Palm Sunday is a holiday with a lot of cultural and religious importance to many people around the world — this is the meaning of Palm Sunday!
Everyone knows about Easter, but fewer people understand Palm Sunday — even though the two holidays are closely related. For Christians worldwide, this holiday that begins their holy week is one of the most commonly appreciated parts of their faith.
Even if you aren’t a Christian yourself, it’s always good to learn about other belief systems so that you can live in a more empathetic way. Here is what Palm Sunday is all about, why it’s so important to Christians worldwide, and how you can understand it better.
What Is Palm Sunday?
Palm Sunday, sometimes also known as Passion Sunday, is the Sunday that occurs one week before Easter Sunday. It is the first day of the most crucial week in the Chrisitan tradition at large, ending with the resurrection of Jesus of Nazareth on Easter.
Palm Sunday is documented heavily in the gospels of the Bible: Matthew, Mark, Luke, and John. The story is told from slightly different angles and perspectives in each, emphasizing various details for their target audiences.
The primary purpose of Palm Sunday itself is to commemorate Jesus coming into Jerusalem in the triumphal entry. The day that He rode into Jerusalem, many of the Jewish people there celebrated him. They believed that He was the answer to a prophecy that they had been given in many different books of the Torah, including Isaiah and Zechariah.
As a whole, Palm Sunday marks the beginning of many ends, as well as the beginning of many new hopes and wishes. It also signifies the last week of the season of Lent, a religious practice and holiday that many Christians partake in worldwide. Lent begins several weeks before this on Ash Wednesday.
What Is the Story Behind Palm Sunday?
The story of Christ’s triumphal entry begins with Jesus traveling around Judea and Galilee for three years, teaching people and making disciples. Some people thought he was just a great prophet or teacher, but he identified himself as the “son of David,” which meant that he was the true king of Israel and the son of God. This made Jesus incredibly controversial and despised by the conservative religious leaders of Jerusalem at the time.
Upon his final arrival into Jerusalem, Jesus rode in on a colt, which signified a king arriving into a city in peace. As such, a vast crowd cut branches and laid down their cloaks to create a walkway for his path. The most recognizable branches used were palm branches and palm leaves, whose leaves are extensive and work well as a makeshift carpet.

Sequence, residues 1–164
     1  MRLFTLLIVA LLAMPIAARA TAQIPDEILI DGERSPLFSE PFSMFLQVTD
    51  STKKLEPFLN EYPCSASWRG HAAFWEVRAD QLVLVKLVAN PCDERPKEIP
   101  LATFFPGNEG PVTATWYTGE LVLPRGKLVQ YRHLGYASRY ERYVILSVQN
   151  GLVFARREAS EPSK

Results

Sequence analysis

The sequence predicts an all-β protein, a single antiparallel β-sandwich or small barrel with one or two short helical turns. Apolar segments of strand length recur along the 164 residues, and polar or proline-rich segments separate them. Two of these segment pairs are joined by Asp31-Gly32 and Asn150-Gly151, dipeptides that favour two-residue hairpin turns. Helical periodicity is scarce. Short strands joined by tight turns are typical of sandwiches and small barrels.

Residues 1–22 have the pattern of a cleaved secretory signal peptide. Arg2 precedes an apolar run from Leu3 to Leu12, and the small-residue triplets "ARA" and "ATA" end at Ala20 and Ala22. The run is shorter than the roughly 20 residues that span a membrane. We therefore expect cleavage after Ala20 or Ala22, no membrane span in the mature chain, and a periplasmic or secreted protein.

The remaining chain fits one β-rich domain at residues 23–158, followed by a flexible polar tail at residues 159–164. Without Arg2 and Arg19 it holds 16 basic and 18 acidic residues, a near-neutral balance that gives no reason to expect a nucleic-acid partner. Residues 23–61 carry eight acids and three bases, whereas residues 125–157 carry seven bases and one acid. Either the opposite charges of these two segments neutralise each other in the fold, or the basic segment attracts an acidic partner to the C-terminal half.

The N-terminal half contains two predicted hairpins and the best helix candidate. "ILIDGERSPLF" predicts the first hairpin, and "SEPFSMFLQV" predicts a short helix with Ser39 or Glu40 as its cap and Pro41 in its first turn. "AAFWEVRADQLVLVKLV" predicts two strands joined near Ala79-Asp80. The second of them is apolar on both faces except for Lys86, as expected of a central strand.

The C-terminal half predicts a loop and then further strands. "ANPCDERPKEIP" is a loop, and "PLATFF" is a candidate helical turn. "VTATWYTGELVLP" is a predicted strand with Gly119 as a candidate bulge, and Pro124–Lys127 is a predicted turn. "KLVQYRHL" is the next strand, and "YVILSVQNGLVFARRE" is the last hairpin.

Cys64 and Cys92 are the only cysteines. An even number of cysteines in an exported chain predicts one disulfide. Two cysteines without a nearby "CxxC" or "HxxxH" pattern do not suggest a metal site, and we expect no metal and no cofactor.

As he entered Jerusalem, the crowds praised and blessed God, primarily using the word “hosanna,” which means “Blessed is he who comes in the name of the Lord!” The phrase “Hosanna in highest heaven” has become synonymous with Christ’s triumphal entry and is one of the most common phrases used to worship within Christian culture.
What Happened After the Triumphal Entry?
Despite the celebration of Christ’s triumphal entry, the positive feelings didn’t last. Even starting the next day, the religious leaders began to convince the people that Jesus was actually not who he said that he was. Following the Passover meal at the last supper on Maundy Thursday, Jesus was arrested in a garden on the Mount of Olives. The same great crowd that celebrated his arrival into Jerusalem quickly turned against him and called for his execution.
That Friday, Jesus was tortured and executed. However, three days later, he was resurrected in his tomb. This was done according to the prophecies that had been told for thousands of years within the Jewish tradition, which led to the foundation of the Christian religion.
What Is the Modern Purpose of Palm Sunday?
Palm Sunday is the beginning of the holy week for Christians worldwide. Orthodox churches especially put a lot of effort into celebrating Palm Sunday — including making palm fronds — to celebrate Jesus as the savior of the world.
While Palm Sunday doesn’t get much attention in the secular world, it is still widely celebrated in the church today. If you ever find yourself in a church on the weekend before Easter, there will likely be copious celebrating happening!
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